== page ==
wished to know from the right hon. Baronet whether he intended to propose any grant for the classes which were taught at Exeter-hall? The hon. Member complained, that the Government had not developed any plan as to their future operations on the subject of education. The question was one of vital importance. There was not one of the northern nations of Europe in which the people were so ill educated as in England; and of the three kingdoms subsisting under this Government, there was not one in which the people were so imperfectly educated as in that part of the United Kingdom called England. The Scotch were decidedly in a better condition, and the Irish were rapidly improving. In England, there were many towns of 6,000 or 7,000 inhabitants in which there was not a general school, national, or belonging to the British and Foreign School Society. In the town of Oldham, where there were 60,000 or 70,000 inhabitants, there was no school belonging to either of those establishments. [An hon. Member: It is not correct.] The present Government enjoyed the confidence of the ecclesiastical authorities in this country, and he hoped that they would avail themselves of that circumstance to bring about the establishment of a good system of education.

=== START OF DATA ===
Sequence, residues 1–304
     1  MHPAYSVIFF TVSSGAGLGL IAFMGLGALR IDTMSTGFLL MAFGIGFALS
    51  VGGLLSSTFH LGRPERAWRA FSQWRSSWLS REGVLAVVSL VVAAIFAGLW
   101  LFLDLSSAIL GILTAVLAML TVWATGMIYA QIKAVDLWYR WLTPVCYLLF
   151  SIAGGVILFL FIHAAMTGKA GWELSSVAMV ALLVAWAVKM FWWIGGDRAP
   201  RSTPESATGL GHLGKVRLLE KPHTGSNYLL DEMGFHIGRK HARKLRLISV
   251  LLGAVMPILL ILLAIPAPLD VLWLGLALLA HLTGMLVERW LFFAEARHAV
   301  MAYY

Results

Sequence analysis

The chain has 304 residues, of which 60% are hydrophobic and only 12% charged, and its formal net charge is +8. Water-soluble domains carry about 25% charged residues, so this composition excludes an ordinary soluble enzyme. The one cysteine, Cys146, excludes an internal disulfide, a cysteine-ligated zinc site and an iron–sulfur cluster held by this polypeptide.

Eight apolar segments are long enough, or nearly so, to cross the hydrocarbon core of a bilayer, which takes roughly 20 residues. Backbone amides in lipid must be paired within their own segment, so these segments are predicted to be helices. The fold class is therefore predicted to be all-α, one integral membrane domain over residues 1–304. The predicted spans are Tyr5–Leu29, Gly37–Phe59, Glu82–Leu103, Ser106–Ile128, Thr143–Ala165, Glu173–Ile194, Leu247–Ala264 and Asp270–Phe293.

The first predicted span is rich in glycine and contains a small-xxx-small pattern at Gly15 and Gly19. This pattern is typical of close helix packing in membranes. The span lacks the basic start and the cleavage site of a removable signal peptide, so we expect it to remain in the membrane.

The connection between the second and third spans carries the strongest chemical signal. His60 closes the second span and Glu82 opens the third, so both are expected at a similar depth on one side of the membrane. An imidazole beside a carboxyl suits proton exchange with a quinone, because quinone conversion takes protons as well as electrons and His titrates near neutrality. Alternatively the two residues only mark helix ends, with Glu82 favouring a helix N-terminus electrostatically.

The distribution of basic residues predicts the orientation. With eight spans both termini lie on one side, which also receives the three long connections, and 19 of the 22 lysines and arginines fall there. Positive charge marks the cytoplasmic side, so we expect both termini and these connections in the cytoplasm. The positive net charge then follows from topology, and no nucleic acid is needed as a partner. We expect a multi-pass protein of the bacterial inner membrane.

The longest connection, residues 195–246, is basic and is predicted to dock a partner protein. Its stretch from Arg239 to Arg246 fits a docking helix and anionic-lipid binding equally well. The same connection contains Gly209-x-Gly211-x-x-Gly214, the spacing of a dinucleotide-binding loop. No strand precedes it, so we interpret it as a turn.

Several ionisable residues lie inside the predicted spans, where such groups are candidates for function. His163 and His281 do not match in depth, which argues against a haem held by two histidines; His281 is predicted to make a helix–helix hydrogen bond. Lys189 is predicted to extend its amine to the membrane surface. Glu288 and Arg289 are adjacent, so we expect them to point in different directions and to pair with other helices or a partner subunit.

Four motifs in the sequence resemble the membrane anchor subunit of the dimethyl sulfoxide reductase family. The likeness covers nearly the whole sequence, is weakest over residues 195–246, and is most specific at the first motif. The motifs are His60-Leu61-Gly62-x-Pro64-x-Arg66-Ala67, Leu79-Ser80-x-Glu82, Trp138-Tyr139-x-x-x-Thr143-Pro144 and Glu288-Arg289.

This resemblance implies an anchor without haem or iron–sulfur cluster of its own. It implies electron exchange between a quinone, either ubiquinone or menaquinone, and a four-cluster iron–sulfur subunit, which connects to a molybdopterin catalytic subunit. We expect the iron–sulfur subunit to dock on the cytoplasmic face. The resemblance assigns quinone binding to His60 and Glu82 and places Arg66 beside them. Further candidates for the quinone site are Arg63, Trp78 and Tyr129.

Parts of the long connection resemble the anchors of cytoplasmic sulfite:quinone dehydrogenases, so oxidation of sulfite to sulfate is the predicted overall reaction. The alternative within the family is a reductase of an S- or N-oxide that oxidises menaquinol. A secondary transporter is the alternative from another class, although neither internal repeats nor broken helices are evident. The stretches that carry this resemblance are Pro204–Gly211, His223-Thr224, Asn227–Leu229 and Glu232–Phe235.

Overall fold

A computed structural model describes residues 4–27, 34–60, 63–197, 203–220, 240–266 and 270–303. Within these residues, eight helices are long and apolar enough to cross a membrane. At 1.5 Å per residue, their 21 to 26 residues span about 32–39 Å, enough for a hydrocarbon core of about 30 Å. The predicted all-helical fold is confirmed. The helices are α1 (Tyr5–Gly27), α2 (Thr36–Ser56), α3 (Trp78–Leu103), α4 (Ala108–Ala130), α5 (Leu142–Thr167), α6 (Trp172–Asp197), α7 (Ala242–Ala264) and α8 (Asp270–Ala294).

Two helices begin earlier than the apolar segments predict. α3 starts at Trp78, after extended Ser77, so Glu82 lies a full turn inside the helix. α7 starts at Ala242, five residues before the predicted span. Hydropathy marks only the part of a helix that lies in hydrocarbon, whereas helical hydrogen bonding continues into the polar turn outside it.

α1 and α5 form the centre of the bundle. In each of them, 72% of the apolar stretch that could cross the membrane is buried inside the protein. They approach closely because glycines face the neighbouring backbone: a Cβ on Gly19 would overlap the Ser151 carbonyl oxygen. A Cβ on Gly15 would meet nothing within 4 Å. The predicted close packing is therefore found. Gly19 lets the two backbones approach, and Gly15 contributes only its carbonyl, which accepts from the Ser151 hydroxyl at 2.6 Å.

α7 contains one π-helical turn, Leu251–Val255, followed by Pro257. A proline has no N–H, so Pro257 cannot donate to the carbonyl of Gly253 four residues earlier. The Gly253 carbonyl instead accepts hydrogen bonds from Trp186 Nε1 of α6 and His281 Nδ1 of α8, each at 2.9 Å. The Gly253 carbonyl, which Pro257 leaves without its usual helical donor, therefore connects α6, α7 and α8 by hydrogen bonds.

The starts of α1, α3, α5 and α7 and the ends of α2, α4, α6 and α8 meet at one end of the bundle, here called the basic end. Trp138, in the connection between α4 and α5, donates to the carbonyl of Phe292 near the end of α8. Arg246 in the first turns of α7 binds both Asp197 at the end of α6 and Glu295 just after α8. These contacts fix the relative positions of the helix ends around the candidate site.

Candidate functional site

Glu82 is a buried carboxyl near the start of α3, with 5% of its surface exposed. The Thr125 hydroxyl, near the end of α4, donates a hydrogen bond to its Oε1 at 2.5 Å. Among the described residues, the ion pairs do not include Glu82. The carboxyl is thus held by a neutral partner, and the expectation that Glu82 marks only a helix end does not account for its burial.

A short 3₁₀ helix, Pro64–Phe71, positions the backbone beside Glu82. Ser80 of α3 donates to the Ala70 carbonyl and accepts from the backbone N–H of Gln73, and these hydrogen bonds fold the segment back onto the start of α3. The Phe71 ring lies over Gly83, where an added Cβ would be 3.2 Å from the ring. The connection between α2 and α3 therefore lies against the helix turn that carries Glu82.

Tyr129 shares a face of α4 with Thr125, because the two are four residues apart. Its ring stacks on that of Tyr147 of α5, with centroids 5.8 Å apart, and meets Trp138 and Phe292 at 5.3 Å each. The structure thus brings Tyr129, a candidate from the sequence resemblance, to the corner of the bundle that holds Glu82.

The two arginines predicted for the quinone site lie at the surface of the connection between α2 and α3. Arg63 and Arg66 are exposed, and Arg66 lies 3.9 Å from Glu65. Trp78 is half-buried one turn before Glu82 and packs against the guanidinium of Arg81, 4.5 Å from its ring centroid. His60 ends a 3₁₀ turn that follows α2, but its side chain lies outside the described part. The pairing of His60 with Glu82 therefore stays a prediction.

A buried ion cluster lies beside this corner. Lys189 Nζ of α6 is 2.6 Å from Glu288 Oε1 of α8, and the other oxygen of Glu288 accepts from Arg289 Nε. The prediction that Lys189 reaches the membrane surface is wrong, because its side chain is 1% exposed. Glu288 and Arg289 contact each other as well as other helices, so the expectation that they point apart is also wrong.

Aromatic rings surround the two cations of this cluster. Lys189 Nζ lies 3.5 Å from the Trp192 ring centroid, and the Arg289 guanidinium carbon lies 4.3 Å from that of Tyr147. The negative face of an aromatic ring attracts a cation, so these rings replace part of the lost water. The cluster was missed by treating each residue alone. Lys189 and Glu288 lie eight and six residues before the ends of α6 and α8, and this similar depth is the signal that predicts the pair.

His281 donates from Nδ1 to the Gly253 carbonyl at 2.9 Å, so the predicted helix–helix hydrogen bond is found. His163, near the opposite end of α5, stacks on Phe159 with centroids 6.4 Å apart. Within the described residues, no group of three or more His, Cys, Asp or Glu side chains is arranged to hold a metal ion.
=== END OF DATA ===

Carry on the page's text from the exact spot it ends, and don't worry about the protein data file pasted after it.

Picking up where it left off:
Sir J. Graham